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Saturday, October 20, 2001                                       T H E   B O S T O N   G L O B E                                     City & Region B3

A Poet's Dream of a Monument to Unity takes Shape

By Rebecca R Duran


Sara Ting’s dream was already taking off before Sept. II. She had collected $250,000 in donations and a promise of a site for the 120-foot monument she planned to dedicate to unity, equality, and diversity. But since terrorists attacked the World Trade Center and the Pentagon, her quest haspoets dreamtaken on new meaning and urgency. "The spirit of unity has been in our favor," she said. "Total strangers who have never heard about this project are receptive. Many of them are making contributions. Last night a group she set up to finance the monument hosted its fifth annual fund-raiser, at the Royal Sonesta Hotel In Cambridge. She expected 250 people to attend the $100-a person event.

Ting, a former local television reporter, diversity consultant, and public school poetry teacher, has been preaching the same themes since she wrote a simple four-line poem 20 years ago. The poem ended up on subways and buses in Boston, New York, and Providence, and, eight years ago, she decided it should be memorialized in a gigantic monument she has dubbed the Sun Unity Tower.

    The poem reads:

    Are you greater than the sun, that shines on everyone,

    black, brown, yellow, red & white,

    the sun does not discriminate"

No one argues that it is profound or it stroke of brilliance. "The Poem is not going to revolutionize poetry, but if it makes people feel something, that's great," said Doug Mau, assistant Professor of English and American literature at Harvard University. Ting’s supporters say the tower could help Boston reverse its historic racial tensions. "This city has a bad reputation when it comes to race relations," City Councilor at Large Francis "Mickey" Roache said recently. "This tower is a beacon of hope" Roach said, adding that he thought the tower would be a welcoming sign to newcomers as well.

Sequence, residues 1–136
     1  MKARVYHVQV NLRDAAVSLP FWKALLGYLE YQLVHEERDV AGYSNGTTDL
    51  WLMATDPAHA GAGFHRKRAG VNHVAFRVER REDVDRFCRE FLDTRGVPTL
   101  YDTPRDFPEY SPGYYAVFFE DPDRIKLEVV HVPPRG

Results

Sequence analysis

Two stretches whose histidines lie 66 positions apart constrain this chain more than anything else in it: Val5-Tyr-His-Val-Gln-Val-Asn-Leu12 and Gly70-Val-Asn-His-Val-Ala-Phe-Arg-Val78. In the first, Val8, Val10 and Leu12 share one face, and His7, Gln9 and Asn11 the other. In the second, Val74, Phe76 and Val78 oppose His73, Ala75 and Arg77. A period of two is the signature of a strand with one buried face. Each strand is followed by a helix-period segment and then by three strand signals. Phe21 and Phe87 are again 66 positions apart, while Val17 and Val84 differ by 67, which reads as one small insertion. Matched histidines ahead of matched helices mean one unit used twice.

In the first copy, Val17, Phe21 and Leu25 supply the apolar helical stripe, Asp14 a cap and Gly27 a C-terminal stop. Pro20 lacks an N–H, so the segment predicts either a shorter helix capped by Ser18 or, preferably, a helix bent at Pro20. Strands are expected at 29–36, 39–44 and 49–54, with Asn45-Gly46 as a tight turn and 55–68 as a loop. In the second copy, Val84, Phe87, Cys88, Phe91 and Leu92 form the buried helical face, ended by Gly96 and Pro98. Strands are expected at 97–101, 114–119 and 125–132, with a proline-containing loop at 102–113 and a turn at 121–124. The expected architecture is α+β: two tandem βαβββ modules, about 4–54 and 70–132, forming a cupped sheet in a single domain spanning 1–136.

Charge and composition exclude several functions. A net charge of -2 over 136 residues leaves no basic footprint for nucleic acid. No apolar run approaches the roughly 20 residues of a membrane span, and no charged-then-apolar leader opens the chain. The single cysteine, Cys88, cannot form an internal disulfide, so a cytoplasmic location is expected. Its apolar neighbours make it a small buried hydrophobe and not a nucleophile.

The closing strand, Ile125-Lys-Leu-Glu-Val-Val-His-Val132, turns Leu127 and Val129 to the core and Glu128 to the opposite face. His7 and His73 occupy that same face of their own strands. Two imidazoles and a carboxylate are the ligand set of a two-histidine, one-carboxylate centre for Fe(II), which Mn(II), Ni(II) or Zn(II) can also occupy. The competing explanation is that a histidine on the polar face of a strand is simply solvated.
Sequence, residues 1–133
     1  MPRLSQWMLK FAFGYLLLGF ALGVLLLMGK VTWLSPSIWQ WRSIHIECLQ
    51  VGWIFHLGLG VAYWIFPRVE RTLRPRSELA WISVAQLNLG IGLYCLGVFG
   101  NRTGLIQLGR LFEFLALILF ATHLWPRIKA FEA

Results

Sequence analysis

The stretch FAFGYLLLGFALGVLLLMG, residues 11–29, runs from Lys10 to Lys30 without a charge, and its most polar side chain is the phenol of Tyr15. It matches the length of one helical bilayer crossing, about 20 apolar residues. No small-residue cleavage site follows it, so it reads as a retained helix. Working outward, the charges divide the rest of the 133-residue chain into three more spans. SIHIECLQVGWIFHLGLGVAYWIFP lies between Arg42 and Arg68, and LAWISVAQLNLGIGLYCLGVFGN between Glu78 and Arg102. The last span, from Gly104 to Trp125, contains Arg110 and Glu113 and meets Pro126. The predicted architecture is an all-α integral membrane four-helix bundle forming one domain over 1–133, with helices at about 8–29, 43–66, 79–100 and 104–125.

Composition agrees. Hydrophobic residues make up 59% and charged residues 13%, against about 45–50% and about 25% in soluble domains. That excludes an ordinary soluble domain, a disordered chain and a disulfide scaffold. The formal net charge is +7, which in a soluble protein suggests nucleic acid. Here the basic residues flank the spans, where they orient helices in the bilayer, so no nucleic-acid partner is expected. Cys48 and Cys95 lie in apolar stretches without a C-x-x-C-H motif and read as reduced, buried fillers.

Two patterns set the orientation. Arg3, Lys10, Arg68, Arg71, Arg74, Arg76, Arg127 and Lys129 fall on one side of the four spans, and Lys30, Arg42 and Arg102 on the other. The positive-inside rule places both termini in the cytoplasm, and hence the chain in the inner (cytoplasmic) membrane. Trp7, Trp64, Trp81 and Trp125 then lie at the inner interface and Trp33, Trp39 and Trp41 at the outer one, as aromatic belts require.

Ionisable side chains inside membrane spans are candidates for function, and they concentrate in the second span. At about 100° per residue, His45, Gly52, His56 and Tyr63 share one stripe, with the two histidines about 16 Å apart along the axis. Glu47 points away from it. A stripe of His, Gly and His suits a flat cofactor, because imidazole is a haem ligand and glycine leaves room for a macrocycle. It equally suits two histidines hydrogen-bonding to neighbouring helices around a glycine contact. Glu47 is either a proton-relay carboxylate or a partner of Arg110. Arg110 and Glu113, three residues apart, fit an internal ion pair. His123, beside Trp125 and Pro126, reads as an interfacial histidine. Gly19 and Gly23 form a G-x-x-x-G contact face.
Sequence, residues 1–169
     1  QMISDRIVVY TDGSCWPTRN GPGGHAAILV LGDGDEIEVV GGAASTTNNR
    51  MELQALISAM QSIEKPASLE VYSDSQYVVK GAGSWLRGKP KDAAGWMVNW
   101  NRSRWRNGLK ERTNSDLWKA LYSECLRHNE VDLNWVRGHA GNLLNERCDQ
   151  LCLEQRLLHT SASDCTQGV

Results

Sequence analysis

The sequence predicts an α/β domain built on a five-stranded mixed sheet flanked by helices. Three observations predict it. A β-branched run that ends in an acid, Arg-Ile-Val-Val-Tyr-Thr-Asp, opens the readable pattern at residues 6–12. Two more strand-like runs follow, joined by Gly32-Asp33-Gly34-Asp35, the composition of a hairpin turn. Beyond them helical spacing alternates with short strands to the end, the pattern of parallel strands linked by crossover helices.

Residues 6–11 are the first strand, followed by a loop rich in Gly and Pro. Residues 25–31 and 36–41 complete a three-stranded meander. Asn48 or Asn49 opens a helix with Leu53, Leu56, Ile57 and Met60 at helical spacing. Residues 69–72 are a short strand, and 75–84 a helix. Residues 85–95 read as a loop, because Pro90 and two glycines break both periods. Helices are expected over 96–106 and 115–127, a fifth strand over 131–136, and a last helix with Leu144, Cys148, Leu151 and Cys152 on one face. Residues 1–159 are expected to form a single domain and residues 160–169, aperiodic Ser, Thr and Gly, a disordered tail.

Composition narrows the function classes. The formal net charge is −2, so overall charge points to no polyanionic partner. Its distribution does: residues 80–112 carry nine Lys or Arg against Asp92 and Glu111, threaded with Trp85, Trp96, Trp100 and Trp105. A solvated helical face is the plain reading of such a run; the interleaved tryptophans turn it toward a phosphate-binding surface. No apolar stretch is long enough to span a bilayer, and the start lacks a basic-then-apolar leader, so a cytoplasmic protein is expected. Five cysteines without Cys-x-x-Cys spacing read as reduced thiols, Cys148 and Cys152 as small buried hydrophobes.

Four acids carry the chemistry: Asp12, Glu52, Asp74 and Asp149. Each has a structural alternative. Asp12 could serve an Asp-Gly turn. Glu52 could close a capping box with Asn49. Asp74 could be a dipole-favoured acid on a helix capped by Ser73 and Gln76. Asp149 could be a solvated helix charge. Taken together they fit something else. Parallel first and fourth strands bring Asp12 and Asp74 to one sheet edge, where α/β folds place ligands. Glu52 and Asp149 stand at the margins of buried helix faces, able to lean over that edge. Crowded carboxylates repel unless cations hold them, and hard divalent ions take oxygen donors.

"Total Strangers who have never

heard about this project are receptive.’


Michael Hemingway, a Vice President at State Street Bank, and Vice President and Treasurer of World Unity Inc. which hopes to build the tower, believes Boston still has a long Way to go to understand the benefits of diversity.

"If we had a symbol like this it would serve as a reminder for people to be tolerant,' said Hemingway, whose four children are biracial. "I'd like to believe my children will have an easy go at it."

Hubie Jones, a special assistant to the chancellor for Urban Affairs at tile University of Massachusetts at Boston, said that not only the existence of such a symbol in Boston, but the building of it, would be a healing and unifying act.

"it could be a bridge to a different future," said Jones, who is writing a book entitled "Black in Boston: A Lover's Quarrel., Ting may be at the end of her eight-year search for a suitable location for the Sun Unity Tower. MBTA General Manager Robert H. Prince said in an Aug. 14 letter to Mayor Thomas M. Menino that the Massachusetts Bay Transportation Authority supports building the tower on a quarter-acre lot it owns at the old Victoria Station site on the South Boston waterfront. Prince said the site was ideal because of its prominent location, accessibility by public transportation, and historical significance as the nation's second largest entry port for immigrants from around the world.

Ting is still a long way from her fund-raising goal of $6 million, but she said her crusade will continue another eight years if necessary.

"Twenty years ago, I didn't know that this poem would cut across all forms of discrimination," Ting said. "It just sort of evolved."

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January 25, 2015